Health & Food
Targeting circulating tumor cells to suppress cancer metastasis
We aim to develop a novel type of anti-cancer therapeutics, aimed at dissolving clusters of circulating tumor cells and suppress metastasis formation.
More than 90% of cancer-related deaths are due to the development of a metastatic disease, corresponding to more than 7 million deaths each year worldwide. The Aceto lab is interested in understanding the fundamental molecular mechanisms that drive cancer and its metastatic progression, with a particular focus on the analysis of circulating tumor cells (CTCs).
In our studies, we use a combination of molecular biology, next-generation sequencing, computational biology, microfluidic and robotic technologies, patient samples, in vivo models, genetic engineering, CRISPR screens and drug screens to better understand the biology and vulnerabilities of aggressive cancers. For instance, we were among the first to discover that metastasis is accomplished by highly proliferative CTC clusters (aggregates of multiple CTCs circulating within the bloodstream). We also discovered an interplay between CTC clusters and immune cells of the host, leading to a further increase in their proliferative and metastatic ability.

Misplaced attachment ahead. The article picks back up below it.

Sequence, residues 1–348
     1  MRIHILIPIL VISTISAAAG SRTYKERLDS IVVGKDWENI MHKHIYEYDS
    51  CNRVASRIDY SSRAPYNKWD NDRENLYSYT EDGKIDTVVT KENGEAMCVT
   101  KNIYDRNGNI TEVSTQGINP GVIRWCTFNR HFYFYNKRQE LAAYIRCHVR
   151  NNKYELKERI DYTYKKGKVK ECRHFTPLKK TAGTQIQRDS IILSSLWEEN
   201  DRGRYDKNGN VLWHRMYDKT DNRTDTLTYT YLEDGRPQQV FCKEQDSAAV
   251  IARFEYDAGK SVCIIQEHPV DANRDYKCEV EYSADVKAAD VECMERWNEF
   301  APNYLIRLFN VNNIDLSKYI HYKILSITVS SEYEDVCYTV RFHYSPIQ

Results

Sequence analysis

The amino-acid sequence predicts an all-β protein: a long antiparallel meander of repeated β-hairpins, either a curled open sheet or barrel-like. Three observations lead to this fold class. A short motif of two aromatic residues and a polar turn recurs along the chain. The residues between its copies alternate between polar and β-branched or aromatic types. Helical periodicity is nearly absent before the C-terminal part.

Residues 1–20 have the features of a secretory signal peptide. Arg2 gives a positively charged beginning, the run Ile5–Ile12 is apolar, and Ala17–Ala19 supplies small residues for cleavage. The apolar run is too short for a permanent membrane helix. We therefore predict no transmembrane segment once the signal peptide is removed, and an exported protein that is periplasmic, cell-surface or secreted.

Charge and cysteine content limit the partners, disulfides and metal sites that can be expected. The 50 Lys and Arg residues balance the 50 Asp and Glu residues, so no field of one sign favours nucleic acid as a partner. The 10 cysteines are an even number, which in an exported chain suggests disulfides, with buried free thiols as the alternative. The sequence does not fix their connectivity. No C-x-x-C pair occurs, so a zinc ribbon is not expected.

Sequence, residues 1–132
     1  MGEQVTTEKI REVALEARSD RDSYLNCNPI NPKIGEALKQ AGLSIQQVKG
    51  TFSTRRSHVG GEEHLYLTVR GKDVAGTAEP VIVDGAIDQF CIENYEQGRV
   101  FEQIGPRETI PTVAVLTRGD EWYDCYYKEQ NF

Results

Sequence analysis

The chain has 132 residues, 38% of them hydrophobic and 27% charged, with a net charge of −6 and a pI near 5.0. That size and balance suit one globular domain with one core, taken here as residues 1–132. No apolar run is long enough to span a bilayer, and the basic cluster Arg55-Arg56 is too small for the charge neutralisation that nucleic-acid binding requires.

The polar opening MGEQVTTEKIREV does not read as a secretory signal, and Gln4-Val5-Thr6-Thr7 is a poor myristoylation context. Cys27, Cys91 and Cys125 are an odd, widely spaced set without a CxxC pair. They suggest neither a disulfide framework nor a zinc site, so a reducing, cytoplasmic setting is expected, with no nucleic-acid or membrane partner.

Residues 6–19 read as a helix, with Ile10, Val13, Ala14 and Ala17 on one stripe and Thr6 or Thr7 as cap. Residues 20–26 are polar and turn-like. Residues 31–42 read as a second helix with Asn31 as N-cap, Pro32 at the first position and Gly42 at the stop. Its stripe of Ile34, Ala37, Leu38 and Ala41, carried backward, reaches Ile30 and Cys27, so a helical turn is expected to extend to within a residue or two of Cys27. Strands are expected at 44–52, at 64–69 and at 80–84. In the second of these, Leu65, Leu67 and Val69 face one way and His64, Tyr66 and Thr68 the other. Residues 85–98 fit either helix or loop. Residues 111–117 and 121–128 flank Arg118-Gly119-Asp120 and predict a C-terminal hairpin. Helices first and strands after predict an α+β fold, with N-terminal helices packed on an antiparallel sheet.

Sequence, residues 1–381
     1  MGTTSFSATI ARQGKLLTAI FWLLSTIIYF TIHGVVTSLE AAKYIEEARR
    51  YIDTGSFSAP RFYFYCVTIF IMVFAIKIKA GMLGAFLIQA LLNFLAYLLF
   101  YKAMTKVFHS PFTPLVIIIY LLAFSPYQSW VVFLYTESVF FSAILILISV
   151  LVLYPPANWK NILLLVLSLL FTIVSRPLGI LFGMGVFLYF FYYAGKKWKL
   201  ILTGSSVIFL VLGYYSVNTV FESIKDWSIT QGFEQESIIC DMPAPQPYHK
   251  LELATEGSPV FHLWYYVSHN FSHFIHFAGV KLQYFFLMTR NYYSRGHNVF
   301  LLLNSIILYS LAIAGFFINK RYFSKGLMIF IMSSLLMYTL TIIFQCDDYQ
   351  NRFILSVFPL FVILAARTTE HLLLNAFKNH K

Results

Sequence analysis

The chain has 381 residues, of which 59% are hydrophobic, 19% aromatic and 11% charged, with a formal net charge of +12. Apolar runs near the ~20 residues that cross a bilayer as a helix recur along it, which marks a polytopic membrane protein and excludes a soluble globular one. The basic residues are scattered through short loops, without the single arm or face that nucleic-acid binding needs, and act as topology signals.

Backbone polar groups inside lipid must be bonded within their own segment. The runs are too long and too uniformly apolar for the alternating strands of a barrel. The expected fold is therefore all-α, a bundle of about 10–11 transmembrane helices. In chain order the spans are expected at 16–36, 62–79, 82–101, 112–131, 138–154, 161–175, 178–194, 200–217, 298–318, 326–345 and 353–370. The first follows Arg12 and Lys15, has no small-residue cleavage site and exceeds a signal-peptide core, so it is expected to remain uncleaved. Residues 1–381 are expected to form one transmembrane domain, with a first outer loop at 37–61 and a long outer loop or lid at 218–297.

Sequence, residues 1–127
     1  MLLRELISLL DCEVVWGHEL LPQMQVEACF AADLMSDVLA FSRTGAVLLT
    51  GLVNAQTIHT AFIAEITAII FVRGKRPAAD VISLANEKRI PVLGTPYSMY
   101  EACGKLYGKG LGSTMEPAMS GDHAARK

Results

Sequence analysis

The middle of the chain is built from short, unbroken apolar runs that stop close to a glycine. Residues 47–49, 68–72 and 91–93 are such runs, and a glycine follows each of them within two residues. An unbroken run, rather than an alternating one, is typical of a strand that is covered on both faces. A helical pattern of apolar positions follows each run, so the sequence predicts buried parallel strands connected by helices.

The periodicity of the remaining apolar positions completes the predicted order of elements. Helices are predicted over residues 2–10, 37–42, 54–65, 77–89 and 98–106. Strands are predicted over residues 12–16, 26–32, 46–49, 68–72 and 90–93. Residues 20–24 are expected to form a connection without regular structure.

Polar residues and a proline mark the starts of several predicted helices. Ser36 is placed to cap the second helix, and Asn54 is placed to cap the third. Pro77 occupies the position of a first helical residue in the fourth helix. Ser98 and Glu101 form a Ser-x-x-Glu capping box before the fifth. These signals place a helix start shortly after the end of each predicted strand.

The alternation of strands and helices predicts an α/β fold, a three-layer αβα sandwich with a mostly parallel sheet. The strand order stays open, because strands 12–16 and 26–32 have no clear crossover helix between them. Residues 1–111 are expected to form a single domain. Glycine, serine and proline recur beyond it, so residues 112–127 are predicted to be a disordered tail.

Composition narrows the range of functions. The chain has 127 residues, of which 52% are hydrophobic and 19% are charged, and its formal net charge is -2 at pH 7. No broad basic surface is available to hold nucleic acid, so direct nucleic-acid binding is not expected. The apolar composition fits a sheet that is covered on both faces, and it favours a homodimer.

We are now working on the development of a new type of anti-cancer therapeutics, targeted to dissolve CTC clusters and prevent metastasis formation in various cancer types.
Prof. Nicola Aceto is Professor of Molecular Oncology at the ETH Zurich and group leader of the Aceto lab. Together with his team as well as clinical collaborators, the Aceto lab aims to better understand some of the key properties and driving principles of the metastatic process in a number of aggressive cancers. The objective of this research is to identify new therapeutic agents that prevent metastasis formation.